Thu, 05 Jul 2018
Plans to regenerate the ‘gateway’ to Hungerford with a 30-home development at the railway station was expected to be approved by councillors last night (Wednesday).
The plans, for one- and two-bedroom flats, include a coffee shop, parking and landscaping.
A similar application was rejected last summer.
However, a planning officer’s report – which was due to be debated at last night’s West Berkshire Council western area planning committee – recommended approval of the new scheme.
In addition, Hungerford Town Council was due to enthusiastically support the proposals at the meeting.
A design and access statement accompanying the new application states: “The design looks to create a gateway into Hungerford and provide a real sense of arrival for visitors as they arrive.”
The planning officer’s report noted: “Clearly the nature of the area will change considerably should the scheme proceed.
“The site has been marketed for some considerable time for employment purposes to no avail... planning authorities should avoid the long-term protection of employment sites where there is little prospect of a site being used for that purpose.”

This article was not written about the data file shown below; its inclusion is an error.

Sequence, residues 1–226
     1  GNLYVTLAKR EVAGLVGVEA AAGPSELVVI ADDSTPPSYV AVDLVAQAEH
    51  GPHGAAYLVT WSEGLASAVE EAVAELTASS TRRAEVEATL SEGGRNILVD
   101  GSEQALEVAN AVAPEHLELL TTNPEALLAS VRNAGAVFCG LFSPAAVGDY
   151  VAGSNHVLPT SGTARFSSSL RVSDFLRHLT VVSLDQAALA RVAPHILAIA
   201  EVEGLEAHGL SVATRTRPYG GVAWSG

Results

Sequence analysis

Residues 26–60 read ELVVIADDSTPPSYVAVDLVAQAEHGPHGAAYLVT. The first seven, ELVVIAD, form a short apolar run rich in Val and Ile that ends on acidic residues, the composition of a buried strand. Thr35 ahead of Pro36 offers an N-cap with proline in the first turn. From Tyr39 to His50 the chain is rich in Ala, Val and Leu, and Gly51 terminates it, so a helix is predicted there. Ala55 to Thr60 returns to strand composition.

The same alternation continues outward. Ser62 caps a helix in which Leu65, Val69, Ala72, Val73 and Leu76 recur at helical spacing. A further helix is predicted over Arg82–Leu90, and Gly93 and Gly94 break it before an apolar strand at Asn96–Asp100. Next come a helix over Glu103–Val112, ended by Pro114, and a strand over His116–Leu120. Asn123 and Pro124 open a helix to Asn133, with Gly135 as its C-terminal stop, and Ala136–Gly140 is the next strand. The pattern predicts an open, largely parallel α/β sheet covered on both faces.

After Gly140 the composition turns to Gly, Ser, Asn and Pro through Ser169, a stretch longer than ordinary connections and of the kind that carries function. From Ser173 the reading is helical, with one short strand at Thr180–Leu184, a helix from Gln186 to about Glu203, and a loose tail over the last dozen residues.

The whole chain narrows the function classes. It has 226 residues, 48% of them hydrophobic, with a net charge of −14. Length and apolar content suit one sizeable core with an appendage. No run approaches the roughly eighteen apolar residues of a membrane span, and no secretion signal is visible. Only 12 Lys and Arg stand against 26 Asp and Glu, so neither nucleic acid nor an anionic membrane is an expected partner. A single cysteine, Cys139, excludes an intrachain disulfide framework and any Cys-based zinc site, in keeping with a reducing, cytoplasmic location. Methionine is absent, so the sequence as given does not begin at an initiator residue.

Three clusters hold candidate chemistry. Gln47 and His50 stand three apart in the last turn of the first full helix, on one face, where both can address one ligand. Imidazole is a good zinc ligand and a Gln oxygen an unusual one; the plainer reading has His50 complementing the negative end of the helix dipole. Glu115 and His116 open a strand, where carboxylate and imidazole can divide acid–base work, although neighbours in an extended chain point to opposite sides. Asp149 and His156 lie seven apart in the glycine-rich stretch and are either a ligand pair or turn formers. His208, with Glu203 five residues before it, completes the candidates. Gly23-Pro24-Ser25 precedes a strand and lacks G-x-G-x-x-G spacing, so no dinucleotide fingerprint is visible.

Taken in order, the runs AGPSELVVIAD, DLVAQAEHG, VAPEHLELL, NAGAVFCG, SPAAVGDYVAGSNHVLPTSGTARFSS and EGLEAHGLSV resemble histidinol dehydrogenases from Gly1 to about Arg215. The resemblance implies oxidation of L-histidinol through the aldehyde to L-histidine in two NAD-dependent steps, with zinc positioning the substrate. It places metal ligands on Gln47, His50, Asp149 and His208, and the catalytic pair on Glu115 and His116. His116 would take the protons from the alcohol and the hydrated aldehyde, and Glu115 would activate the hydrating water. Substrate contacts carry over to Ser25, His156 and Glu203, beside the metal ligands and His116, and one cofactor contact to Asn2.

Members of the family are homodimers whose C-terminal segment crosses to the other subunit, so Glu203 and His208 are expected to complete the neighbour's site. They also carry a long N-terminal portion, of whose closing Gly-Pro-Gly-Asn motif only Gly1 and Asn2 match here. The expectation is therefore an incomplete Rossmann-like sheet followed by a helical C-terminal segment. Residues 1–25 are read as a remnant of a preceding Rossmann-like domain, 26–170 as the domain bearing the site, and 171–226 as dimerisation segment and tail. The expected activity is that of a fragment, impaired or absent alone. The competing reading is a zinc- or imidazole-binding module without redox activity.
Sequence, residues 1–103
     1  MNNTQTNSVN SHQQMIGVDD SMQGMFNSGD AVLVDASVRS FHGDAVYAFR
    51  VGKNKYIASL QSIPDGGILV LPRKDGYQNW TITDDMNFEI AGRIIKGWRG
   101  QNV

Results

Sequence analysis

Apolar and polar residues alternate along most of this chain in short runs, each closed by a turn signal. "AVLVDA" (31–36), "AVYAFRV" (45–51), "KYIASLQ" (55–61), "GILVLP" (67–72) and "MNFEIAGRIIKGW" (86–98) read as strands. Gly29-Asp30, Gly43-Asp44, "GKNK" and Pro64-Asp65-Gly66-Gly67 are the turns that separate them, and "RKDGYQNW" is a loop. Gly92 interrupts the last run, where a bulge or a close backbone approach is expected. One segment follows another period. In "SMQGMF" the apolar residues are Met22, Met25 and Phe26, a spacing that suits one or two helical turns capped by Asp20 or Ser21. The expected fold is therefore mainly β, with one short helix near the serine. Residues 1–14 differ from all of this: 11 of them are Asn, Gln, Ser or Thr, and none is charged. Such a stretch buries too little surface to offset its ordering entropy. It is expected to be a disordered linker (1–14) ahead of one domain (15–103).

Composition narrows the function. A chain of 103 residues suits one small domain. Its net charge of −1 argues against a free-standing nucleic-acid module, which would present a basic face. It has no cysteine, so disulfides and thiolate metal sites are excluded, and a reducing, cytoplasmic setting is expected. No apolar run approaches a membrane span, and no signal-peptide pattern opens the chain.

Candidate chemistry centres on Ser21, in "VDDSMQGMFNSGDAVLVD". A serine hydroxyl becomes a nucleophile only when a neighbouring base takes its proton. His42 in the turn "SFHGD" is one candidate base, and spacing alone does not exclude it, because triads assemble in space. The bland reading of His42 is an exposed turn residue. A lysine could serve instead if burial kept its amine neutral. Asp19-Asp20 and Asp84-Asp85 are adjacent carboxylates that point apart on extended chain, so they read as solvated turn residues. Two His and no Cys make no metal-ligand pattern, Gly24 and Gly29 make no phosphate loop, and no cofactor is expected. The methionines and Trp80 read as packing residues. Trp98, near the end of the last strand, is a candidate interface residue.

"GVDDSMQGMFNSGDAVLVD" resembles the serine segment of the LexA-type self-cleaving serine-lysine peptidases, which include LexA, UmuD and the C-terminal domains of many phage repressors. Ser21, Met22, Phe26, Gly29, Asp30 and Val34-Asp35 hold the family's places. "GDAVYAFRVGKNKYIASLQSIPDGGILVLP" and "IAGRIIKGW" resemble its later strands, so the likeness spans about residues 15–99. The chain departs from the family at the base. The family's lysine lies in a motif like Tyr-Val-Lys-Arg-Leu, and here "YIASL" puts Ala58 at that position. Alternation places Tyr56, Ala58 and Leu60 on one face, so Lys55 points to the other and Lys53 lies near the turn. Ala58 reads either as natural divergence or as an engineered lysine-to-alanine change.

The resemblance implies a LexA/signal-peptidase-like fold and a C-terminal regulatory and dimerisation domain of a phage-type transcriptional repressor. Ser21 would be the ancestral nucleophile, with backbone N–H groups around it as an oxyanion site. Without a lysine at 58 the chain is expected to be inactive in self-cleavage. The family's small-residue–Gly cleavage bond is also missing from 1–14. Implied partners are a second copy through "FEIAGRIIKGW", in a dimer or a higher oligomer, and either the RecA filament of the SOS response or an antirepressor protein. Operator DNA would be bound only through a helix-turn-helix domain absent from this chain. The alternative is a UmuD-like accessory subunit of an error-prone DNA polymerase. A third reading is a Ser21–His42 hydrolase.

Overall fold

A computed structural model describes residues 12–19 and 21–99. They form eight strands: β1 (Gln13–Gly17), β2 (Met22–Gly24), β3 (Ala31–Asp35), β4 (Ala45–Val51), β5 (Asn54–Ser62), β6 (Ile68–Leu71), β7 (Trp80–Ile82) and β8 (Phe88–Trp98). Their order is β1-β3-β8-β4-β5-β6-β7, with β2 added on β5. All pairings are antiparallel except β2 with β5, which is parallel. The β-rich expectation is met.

It added: “On balance, given the Government’s continuing advocacy of pressing for more homes, especially in sustainable locations, the application is [recommended for approval].
“This officer recommendation... does not relate to other employment areas in the town such as Charnham Park, which continue to serve a very valuable economic function.”
The report acknowledges district council highways officers’ concerns regarding the loss of the RCP Parking Ltd temporary car park, but adds: “...as this car park is temporary, and is private so can be closed at any time, it is clearly difficult to object to its loss.
“While it may be difficult to object to the loss of the temporary car park, highways officers are now on balance satisfied that the net loss of just three car parking spaces from the public Network Rail car park in the yard will not be so harmful as to merit a recommendation of refusal.
“This is clearly different from the past rejected scheme, which proposed the loss of all 21 spaces, which was not acceptable.”
The application was ‘called in’ to the committee by district councillors Paul Hewer and James Podger (both Con, Hungerford).